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May 13, 2024

Memphian Doug Barron rules Regions Tradition

By Gregg Dewalt, Alabama Golf News Editor
Doug Barron

Stewart Cink surges late but comes up short

HOOVER – Somebody finally dethroned Steve Stricker at the PGA Tour Champions Regions Tradition, but it was Doug Barron, someone who wasn’t on anyone’s radar before the tournament began Thursday.

Doug Barron, who hadn’t won a Champions event since 2021, held off hard-charging Steven Alker, Stewart Cink, Ernie Els and Stricker to claim his first major title on the senior circuit. He did it by fashioning a 4-under 68 in the final round, good enough to edge Alker (63) by two shots and Cink (66), Els (71) and Stricker (69) by three shots.

Stricker was bidding for a third consecutive Regions Traditions title at Greystone Golf and Country Club and he got close, but the steady-playing Barron came through down the stretch. The 54-year-old Barron, who lives in Memphis, called it a dream finish to win after being paired in the final group alongside Els and Padraig Harrington.

“I’m gonna tell you, it was an emotional day because I didn’t have my best stuff,” he said. “Today was just a dream come true to beat all these great players. I mean, to even get the pairing. They’re world-class players, but they’re even better people. That’s what I would tell you, too.”

After shooting 65-72-66 in the first three rounds, Barron carried a one-shot lead into Sunday’s final round. He said he didn’t know what to expect, but assumed somebody would go low. He was correct, as Alker, the Schwab Cup points leader, and Cink, who toggles back and forth between the PGA Tour and Champions Tour, both pressured Barron to play flawlessly.

“I figured someone would shoot nine under and Stephen Alker of course did it, as he usually does, but I played. I made pars, and I stroked it good,” Barron said.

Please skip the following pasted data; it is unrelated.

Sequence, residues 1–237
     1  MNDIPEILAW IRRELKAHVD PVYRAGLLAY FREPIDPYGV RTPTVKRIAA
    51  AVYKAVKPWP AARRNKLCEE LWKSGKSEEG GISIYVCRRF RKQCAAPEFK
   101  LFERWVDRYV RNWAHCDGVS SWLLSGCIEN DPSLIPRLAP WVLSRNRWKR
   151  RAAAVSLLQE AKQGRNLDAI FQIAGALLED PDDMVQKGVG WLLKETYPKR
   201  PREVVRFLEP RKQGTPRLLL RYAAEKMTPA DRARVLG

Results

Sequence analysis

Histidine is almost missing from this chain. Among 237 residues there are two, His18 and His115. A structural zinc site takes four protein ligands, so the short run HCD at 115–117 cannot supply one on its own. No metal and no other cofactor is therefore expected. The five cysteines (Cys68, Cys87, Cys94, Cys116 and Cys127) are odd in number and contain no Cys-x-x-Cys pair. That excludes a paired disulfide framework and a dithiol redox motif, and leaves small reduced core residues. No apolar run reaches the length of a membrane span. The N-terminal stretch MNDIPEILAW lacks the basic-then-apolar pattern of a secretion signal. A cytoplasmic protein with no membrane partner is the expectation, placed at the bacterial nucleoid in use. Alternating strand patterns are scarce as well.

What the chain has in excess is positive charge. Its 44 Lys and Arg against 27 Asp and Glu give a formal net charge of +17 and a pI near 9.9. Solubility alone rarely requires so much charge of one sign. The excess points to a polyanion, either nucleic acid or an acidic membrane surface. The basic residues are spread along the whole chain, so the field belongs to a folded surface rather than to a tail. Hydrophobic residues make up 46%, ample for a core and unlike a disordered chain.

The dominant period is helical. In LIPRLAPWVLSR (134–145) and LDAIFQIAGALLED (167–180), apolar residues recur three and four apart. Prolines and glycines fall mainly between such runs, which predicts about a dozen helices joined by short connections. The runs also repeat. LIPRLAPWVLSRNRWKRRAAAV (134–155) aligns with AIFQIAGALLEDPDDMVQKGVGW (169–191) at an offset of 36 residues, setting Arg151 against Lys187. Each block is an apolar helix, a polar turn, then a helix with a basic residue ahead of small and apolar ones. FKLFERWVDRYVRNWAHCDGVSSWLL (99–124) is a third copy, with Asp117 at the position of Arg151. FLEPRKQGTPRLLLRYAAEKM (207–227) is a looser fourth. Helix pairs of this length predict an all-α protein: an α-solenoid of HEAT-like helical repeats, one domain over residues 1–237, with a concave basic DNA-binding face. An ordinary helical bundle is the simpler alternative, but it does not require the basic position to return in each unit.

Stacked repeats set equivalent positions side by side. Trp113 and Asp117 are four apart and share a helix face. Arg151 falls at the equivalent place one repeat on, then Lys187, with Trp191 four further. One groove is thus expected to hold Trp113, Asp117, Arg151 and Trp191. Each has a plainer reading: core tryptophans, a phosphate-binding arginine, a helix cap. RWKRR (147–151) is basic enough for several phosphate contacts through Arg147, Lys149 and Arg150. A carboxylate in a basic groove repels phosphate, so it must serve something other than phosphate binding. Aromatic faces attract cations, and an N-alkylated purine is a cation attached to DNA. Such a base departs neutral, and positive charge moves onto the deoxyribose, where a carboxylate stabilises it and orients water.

Doug Barron: ‘I felt like I could make an eight -footer again’

Barron’s winning score was 17-under 271.

Alker, who shot 69-71-70 before going low Sunday, simply was too far back to catch Barron.

“I obviously was hoping for a bit of wind, for a little bit of weather just to slow the leaders down,” Alker said. “But I woke up at 7 this morning and I hopped out of bed and I said, “Just go shoot 10 under.” And I came up one short. I thought if I could get to 10 under today, and the leaders had to do a little something. But that was kind of a number of a mine. “It was a good day. Lots of birdies; it’s good.”

Cink, the Alabama native playing his first competitive round in his home state since 1996, shot 31 on the front side to get within two shots of Barron, who played a bogey-free final round. But he stalled on the back nine with only one birdie to finish three shots off the pace.

Barron said a recent putting lesson was the key to his win.

“I got one of the best putting lessons from my coach back home, Jonathan Fly, last week, and I really got my putter going. I felt like I could make an eight -footer again and it was huge,” he said. “It was a great day and I hit a lot of good shots coming down the stretch. I had my putter, and thought if I just hit it 30, 40 feet I could win it.”

Barron admitted it was difficult to close out the tournament.

“It’s just an emotional day,” he said. “The last four holes were really hard for me. I had to leave the cart. I walked the front and I rode a few holes on the back. I just decided to walk. It was a little great walk. I needed some energy. When I came out here, I dreamed of winning majors because I was never a factor in major on the PGA Tour. So, it is a dream come true.”

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Featured image courtesy of the PGA Tour Champions

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